Labor Positions for Second Stage
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Sweet Peas, Pods & Papas: All About Birth, B@@bs & Babies

Labor Positions for Second Stage

We just had our class on Second Stage last Friday.  One of the coaches made the observation that all the birth videos we are watching show women pushing on their backs...right!?!
 
Therein lies the quandary of being an instructor within the parameters of our current video library.  We keep trying to convince our students to film their births, especially those that push in non-traditional positions, and then share them with us so that we can use them for class instruction.  We have yet to have one student take us up on the request.

<< (Here is a picture from the pushing phase from our homebirth...our video will never be seen outside our home!)
 
The optimal pushing position is a squat.  It is still used as the “elimination” position in many cultures, for childbirth and otherwise.  It opens the outlet of the pelvis.  It shortens the birth canal.  If the mother feels like this is productive and the baby is doing well in this position, what’s not to love? 
 
Many care providers do not care for it because a true squat on the floor or on a bed with the assistance of a squat bar does not allow for them “to see” what is happening as the baby is being born.  With the advent of anesthesia, women couldn’t get into this position and/or hold this position for any length of time…so the supine position became “the” birthing position.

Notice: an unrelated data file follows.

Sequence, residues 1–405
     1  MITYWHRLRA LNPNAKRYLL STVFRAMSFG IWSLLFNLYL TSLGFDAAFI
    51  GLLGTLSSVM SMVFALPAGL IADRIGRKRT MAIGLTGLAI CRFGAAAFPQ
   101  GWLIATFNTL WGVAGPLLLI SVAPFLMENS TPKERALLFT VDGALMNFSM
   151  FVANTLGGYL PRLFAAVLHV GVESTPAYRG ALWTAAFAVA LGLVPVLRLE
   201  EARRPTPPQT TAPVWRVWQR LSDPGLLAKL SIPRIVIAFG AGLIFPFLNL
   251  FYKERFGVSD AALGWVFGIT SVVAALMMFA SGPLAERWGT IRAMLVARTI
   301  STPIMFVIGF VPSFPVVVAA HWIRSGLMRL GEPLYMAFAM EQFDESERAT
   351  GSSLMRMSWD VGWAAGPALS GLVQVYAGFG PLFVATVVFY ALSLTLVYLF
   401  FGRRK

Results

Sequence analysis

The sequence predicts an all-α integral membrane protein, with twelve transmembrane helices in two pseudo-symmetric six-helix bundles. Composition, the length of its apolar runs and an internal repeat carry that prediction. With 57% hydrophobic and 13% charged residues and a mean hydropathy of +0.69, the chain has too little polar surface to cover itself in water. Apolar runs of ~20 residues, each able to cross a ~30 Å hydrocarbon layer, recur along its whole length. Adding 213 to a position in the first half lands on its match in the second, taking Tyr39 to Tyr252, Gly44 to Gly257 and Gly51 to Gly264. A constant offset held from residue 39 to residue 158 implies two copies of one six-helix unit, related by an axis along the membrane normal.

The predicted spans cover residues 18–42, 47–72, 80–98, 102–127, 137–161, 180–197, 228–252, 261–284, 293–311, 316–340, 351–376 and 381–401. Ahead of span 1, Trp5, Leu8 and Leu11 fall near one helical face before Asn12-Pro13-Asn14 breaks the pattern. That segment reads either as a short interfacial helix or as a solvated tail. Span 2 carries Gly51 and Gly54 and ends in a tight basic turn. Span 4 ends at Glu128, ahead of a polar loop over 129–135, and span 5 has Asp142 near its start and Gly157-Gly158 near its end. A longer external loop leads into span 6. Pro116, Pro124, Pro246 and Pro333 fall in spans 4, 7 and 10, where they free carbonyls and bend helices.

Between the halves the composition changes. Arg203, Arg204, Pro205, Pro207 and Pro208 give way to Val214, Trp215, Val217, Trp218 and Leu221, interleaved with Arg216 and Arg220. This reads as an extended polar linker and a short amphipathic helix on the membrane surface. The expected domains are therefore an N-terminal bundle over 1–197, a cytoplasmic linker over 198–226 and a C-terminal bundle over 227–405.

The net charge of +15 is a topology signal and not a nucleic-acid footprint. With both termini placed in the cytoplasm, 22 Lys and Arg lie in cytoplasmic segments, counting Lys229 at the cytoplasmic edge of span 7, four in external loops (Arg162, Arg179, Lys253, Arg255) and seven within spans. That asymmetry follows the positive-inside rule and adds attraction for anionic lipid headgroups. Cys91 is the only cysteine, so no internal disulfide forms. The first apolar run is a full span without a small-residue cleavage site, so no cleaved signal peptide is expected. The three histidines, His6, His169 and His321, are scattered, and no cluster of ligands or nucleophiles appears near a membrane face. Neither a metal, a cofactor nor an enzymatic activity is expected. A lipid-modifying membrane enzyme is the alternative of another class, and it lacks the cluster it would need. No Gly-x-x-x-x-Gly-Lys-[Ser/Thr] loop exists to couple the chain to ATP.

You can imitate a squat on a bed by getting into what is considered “the classic” position – with assistance, mama can pull her knees up towards her shoulder.  The challenge with the classic pushing position is that although it imitates a squat by opening and shortening to some degree, it does not allow for gravity to work with the baby to move them down.  In addition, depending on the angle of the mother, the weight of the baby pushing down could stretch the perineum enough to tear it.
 
Here are some other positions for you to consider in which you can still imitate a squat and allow the care provider to see the baby being born:
  • Side lying position
  • Kneeling
  • Hands & knees
 
All three of these allow for a mother to imitate a squat during the pushing through a contraction, and for a restful position between contractions.  You can see them illustrated with explanations HERE
 
If you had a vaginal birth, which position did you use?  Did you like your pushing position?  Why or why not?

 



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